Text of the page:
Cross Traffic celebrates in style

August, 3, 2013
On the day they celebrated the 150th birthday of America's oldest and grandest racetrack, it was the determined horse best-known for "minor setbacks" and tough beats that took home the sweetest chunk of cake.

Prior to Saturday's $750,000 Whitney Invitational, Cross Traffic was best known for running his heart out in both the Grade 1 Metropolitan Handicap and Grade 3 Westchester and coming away with the heartbreak of runner-up losses by a nose and a head, respectively.

Yet in the 86th edition of the Whitney, a stretchout from a flat mile to a two-turn mile-and-an-eighth distance allowed Cross Traffic to reverse his luck and post a three-quarters of a length victory in Saratoga's premier race for older horses.

And with that newfound spot in the winner's circle, Cross Traffic also tossed a somewhat unexpected name into the race for an Eclipse Award. While most horses that do not race until they are four usually wind up in claiming races, this particular late bloomer, who only started his career this past Jan. 24, is suddenly a horse to watch as the important fall races loom on the horizon.

"It probably has him right at the top," trainer Todd Pletcher said about Cross Traffic's rising stature in the older male division. "This was a quality-filled race. To beat the Breeders' Cup winner and runner-up from last year and some really good horses speaks volumes about his quality. "

To win a race like this with a horse who was a maiden at four is rare. It was great to see.

-- Todd Pletcher, Cross Traffic's trainer
The aforementioned Breeders' Cup winner -- and defending Whitney champ was Fort Larned and the runner-up Mucho Macho Man, who were just fifth and third, respectively, on a day that finally belonged to the resolute Cross Traffic.

"We wanted to run him here last August but we had some minor issues with him," said Pletcher, who is on quite a roll, having saddled the winners of the $600,000 Jim Dandy, $1 million Haskell and $750,000 Whitney since last Saturday. "To win a race like this with a horse who was a maiden at four is rare. It was great to see."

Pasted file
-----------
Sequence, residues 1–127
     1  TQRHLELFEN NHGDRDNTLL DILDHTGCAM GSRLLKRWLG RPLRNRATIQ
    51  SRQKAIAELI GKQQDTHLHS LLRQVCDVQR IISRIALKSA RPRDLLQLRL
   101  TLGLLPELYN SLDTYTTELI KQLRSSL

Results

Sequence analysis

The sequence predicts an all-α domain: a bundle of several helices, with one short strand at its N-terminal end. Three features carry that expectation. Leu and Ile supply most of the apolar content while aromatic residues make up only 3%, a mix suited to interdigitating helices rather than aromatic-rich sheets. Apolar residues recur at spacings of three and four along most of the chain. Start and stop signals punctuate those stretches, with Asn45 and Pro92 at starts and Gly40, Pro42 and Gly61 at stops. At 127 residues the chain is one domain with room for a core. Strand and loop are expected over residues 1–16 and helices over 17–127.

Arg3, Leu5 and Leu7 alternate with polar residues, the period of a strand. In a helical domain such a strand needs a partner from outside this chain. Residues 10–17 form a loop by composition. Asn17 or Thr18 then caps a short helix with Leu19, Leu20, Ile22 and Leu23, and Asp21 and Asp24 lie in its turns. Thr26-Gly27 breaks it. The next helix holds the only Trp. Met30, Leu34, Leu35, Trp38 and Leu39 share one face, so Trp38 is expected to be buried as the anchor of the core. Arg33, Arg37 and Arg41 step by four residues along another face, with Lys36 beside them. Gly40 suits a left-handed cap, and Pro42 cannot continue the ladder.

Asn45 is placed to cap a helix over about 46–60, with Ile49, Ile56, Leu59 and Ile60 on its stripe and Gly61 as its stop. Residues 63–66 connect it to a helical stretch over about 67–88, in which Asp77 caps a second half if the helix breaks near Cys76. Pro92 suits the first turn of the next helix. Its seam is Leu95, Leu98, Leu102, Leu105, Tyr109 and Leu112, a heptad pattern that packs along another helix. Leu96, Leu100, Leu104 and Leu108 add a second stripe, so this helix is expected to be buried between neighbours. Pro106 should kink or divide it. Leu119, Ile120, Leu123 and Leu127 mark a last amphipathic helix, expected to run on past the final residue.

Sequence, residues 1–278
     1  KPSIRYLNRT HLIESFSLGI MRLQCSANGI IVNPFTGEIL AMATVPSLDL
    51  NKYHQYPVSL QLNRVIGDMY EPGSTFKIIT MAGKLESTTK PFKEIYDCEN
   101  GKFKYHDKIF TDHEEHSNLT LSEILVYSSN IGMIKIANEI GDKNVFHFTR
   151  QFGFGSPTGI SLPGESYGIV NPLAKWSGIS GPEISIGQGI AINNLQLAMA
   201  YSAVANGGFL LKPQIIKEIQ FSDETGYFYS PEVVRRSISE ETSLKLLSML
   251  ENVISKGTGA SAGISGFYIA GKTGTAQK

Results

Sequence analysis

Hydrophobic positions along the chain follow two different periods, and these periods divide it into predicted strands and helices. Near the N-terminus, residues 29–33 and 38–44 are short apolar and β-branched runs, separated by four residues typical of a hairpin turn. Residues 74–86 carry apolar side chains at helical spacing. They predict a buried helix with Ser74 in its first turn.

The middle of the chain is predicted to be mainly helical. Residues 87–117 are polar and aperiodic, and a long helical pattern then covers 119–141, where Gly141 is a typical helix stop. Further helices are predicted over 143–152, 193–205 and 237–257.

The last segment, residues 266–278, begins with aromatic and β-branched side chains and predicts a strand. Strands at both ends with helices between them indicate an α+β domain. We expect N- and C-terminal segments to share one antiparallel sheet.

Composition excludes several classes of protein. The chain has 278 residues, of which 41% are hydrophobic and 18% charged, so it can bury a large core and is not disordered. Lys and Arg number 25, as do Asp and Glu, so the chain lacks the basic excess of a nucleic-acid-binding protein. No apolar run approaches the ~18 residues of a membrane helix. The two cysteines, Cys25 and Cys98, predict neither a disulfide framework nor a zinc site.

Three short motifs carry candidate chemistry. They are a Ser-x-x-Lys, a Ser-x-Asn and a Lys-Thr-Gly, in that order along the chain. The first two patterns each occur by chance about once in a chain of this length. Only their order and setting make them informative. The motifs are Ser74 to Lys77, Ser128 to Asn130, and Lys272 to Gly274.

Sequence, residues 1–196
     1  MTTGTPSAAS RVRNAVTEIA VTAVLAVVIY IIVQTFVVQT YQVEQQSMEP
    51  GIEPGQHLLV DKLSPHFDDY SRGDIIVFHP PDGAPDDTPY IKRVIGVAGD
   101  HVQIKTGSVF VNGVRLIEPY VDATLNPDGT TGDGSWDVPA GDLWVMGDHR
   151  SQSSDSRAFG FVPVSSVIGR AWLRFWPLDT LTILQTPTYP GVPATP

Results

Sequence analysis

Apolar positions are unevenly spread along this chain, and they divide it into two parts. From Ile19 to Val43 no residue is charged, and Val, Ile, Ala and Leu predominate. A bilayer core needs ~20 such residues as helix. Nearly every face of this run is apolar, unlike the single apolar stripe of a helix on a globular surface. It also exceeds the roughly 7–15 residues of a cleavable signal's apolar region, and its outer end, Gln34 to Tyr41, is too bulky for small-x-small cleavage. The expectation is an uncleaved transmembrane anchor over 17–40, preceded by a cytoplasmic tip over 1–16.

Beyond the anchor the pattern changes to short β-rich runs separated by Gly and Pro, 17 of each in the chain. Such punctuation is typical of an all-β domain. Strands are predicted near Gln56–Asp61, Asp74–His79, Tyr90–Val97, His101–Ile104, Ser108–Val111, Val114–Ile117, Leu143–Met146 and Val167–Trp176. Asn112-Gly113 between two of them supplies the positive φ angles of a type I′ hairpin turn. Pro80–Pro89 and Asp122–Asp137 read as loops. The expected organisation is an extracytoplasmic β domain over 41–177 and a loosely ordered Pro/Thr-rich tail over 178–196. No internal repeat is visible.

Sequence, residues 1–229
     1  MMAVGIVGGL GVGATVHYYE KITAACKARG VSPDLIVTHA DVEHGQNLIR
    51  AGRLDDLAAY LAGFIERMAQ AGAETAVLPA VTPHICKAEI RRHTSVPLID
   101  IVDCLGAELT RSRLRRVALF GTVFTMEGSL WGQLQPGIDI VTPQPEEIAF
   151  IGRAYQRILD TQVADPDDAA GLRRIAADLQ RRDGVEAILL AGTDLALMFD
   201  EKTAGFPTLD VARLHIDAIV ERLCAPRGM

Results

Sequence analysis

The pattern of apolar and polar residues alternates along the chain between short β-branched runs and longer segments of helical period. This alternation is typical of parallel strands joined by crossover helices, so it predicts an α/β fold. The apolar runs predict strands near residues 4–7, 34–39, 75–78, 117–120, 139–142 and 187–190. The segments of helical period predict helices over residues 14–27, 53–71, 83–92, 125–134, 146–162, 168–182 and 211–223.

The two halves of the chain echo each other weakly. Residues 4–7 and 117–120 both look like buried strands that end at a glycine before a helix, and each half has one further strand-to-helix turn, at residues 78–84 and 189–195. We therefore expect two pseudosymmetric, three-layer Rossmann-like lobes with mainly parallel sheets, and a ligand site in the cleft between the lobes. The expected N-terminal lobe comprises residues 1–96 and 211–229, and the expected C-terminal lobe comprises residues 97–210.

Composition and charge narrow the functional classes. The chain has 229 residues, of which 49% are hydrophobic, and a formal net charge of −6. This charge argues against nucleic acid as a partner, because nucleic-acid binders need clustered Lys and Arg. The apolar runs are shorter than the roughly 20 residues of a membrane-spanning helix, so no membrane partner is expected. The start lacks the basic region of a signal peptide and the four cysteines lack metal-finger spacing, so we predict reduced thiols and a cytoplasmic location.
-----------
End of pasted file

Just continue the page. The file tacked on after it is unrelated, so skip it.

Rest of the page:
Watching Cross Traffic's last two races were particularly hard on Pletcher and owners GoldMark Farm. Pletcher, who has suffered no shortage of rough losses in a stellar career that will one day land him in the Hall of Fame, called Cross Traffic's defeat in the Met Mile as the one that stands out as the "toughest" of his career.

This time, Cross Traffic took it relatively easy on everyone. He set the pace under pressure from first Mucho Macho Man and then the $1.35-to-1 favorite Fort Larned. At the quarter pole, he put away Fort Larned and turned into the stretch with a clear lead that stood at two lengths with a furlong remaining. That wasn't completely new territory for the 7-2 second-choice ($9.10), but this time he held off a late bid from Successful Dan to cover the nine furlongs in 1:47.89 and grab the Grade 1 honors that so narrowly eluded him in May at Belmont Park.

"Turning for home I thought we had a big shot, but I wanted to get there,"

Pletcher said. "I know he tends to wander around when he's in front and I didn't want anyone to surprise him."

On Saturday, though, the only surprise was on the seven horses chasing Pletcher's colt. On a milestone day at Saratoga, Cross Traffic finally put some painful history behind him. This time there was simply no catching him.

• Bob Ehalt grew up a few furlongs from Belmont Park and has followed horse racing as a fan, turf writer or owner since 1971.
• Has won three Associated Press Sports Editors awards and was the recipient of the '09 Breeders' Cup media award for outstanding social media.



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